Malaysia is the third largest oil-producing country in Southeast Asia. It is also the country with the lion’s share of oil resources from the Nansha Islands, with total production much higher than Vietnam, the Philippines and Brunei. Malaysia’s key area of extraction focuses on Sarawak and Sabah, roughly concentrated in the maritime areas between Nantong Atoll and Zenmu Reef. Since the 1960s, Malaysia’s annual oil production has exceeded 30 million tons, and South China Sea oil and gas production has accounted for 70 percent of Malaysia’s total oil and gas production. Brunei has also struck gold through the exploitation of oil and gas resources, with an annual crude oil production of 7 million tons and natural gas production of 9 billion cubic meters from the South China Sea. Of ten oil and gas fields currently under way, eight are offshore and located within China’s dotted line.

In recent years, while ignoring the approach of “shelving differences and seeking joint development,” certain South China Sea claimants have intensified their efforts to prospect and exploit oil and gas resources in the South China Sea. Data from 2009 shows that China’s neighboring countries in the South China Sea region drilled over 1000 oil rigs, completed seismic prospecting of 130 kilometers and identified the equivalent 26.8 billion tons of oil. In addition, 97 oilfields and oil-bearing tectonics have been found, as well as 75 gas fields and gas-bearing tectonics, of which 30 oilfields and 25 gas fields are situated within China’s dotted line. In accordance with relevant data from foreign institutions, by August 2011, China’s neighboring countries in the South China Sea region have 1511 drilling oil wells and 1871 developing oil wells, and discovered 308 oilfields, of which 556 oil wells and 133 oilfields are within China’s dotted line. By the end of 2010, China’s neighboring countries were producing an average of 179 thousand tons of oil every day, which amounts to 65 million tons of oil and 75 billion cubic meters of natural gas yearly. Since the 1970s, China’s neighboring countries in the South China Sea region have signed 428 cooperative agreements with third party oil companies in the South China Sea, with 188 of these agreements being partially or totally within China’s dotted line. As a result, the equivalent of 5,000 tons of oil have been plundered from China’s dotted line every year. This trend is unabatedly gaining momentum.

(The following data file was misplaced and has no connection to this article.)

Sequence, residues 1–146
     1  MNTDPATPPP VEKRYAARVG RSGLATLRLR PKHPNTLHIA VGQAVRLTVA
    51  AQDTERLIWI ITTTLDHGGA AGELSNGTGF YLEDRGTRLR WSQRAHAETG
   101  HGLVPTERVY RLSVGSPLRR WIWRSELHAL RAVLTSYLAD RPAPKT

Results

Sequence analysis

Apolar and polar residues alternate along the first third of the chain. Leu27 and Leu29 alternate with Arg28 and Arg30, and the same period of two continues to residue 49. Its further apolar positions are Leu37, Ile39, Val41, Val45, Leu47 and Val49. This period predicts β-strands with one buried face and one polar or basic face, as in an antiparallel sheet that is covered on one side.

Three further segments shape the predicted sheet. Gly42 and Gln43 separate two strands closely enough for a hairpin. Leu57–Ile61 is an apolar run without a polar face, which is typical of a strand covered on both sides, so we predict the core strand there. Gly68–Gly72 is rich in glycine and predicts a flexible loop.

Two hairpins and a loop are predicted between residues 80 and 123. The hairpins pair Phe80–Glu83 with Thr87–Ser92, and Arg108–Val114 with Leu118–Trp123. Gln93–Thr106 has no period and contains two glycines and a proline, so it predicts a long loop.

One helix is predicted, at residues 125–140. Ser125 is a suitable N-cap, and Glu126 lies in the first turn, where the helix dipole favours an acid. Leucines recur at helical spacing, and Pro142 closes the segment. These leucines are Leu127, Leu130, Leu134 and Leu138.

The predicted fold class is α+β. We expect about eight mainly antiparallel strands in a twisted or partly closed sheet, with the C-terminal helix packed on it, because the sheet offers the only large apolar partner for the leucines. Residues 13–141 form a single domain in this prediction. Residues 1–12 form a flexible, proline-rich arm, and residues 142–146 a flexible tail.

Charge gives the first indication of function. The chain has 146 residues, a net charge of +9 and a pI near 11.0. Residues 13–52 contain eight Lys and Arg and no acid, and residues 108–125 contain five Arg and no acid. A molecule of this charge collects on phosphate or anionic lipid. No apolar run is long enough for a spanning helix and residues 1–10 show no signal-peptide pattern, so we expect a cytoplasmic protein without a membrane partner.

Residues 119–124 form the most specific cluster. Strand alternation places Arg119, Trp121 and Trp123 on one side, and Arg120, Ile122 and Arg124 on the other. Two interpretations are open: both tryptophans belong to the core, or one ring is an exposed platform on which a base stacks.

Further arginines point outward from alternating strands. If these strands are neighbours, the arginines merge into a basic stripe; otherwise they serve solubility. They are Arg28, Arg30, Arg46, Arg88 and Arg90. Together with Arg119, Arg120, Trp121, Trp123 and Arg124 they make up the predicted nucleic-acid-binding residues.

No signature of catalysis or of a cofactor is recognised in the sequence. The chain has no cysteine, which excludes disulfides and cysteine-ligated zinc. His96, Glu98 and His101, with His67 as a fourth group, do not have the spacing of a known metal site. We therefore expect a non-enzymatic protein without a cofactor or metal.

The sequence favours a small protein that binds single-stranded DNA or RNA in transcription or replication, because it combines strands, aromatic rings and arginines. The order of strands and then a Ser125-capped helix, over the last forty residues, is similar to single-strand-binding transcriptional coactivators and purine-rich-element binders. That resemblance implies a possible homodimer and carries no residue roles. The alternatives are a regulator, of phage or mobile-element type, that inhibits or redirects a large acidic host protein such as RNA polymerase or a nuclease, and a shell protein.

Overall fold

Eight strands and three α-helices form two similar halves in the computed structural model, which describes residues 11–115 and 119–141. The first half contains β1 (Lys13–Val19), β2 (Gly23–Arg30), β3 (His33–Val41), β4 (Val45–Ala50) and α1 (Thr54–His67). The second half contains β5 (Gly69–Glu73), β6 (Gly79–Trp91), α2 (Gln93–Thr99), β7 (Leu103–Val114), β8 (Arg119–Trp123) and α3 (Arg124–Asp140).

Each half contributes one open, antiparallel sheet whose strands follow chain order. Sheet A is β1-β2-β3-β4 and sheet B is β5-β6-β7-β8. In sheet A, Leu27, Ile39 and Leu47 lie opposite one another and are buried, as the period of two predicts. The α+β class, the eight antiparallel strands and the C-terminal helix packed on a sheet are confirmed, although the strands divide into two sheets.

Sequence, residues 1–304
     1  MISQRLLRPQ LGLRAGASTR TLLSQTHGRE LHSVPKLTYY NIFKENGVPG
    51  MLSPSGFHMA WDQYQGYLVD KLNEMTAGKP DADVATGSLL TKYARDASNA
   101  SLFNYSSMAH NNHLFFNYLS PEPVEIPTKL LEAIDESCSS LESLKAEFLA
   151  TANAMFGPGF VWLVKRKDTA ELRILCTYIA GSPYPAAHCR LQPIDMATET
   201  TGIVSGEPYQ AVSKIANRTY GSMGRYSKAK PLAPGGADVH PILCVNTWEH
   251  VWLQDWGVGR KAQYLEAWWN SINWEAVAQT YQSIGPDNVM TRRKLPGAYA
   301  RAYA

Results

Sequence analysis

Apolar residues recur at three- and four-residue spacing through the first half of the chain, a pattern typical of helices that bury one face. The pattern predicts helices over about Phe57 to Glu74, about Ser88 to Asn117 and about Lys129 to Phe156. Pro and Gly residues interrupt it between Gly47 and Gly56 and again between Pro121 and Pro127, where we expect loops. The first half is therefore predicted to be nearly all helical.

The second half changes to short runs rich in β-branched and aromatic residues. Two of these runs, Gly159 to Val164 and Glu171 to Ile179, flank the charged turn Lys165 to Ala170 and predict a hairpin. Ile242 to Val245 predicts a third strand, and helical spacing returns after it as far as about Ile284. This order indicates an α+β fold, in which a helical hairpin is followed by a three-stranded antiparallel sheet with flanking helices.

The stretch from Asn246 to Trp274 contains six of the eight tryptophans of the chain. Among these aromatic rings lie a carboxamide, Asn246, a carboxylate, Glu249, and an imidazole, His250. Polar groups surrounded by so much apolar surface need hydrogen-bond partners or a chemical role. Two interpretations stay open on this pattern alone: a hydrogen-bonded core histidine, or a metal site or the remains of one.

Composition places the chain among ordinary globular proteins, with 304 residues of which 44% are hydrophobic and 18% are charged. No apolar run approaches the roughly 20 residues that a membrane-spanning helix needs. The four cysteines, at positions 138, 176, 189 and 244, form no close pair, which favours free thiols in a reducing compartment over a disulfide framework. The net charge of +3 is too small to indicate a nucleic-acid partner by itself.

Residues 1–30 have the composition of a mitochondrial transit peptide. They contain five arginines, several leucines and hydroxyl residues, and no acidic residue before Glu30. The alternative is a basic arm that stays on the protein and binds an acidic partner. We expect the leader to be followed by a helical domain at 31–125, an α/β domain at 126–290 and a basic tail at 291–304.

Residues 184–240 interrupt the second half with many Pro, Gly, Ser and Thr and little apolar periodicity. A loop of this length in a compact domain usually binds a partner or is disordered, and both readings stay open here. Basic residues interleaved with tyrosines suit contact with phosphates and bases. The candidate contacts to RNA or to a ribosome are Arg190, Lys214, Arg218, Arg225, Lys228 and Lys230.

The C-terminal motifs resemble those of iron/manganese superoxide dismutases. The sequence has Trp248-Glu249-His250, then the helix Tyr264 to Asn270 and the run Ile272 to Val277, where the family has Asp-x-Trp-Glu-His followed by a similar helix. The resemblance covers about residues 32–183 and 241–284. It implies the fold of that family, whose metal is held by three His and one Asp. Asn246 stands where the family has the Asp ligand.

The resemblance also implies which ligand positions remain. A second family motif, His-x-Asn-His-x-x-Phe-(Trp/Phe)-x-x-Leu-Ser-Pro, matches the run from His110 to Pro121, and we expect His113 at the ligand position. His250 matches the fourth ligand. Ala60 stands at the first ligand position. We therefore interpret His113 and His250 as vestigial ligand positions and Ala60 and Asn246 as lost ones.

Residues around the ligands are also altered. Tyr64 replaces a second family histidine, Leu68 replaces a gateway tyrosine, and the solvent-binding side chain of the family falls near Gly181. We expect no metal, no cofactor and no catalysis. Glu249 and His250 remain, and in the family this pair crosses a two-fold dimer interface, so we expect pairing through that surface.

Attracted by generous profit-sharing ratios offered by some claimant countries in the South China Sea, numerous foreign oil companies have entered the business of prospecting and extracting oil and gas in the South China Sea by virtue of their capital and technological advantages. Presently, roughly 200 international oil companies are contracted to explore and develop oil and gas in the South China Sea area, including Shell, Exxon, British Petroleum, Japex, Inpex, Nissho Iwai, AOC, TOTAL, Canoxy, BHP, Nestro, ONGC, Statoil and PEDCO, among other companies. It can be said that almost all big transnational enterprises have become involved in the prospecting and extraction of oil and gas in the South China Sea. Since the 1980s, third party oil companies from other regions have invested more than 100 billion USD.

Evidently, there is a dynamic taking shape in which scrambling over resources, accelerated extraction and more involvement from third parties are all coalescing. Some claimant countries are not only seeking to claim strategic resources, but also making their illegal occupation of China’s islands and reefs legitimate through oil and gas exploration. From a legal standpoint, only by obtaining sovereignty over an island can one have the right to extract and develop the relevant maritime areas. Consequently, for a quite long time, China’s neighboring countries in the South China Sea area have been trying to occupy the Nansha Islands and grab oil and gas resources in a bid to declare sovereignty, demonstrate their factual existence and further challenge China with the support of external forces while acquiring economic benefits. It is worth mentioning that some countries in the South China Sea area and certain foreign oil corporations are becoming parties of vested interests.

 

China’s Oil and Gas Exploitation and Utilization

in the South China Sea

 

Maritime oil exploitation is an industry with high risk, high technology barriers and high levels of investment. It is estimated that about 4 to 5 billion RMB are necessary to build a medium-sized maritime oilfield. Even before the formal start, hundreds of millions or even billions of RMB are needed to engage in preparatory work.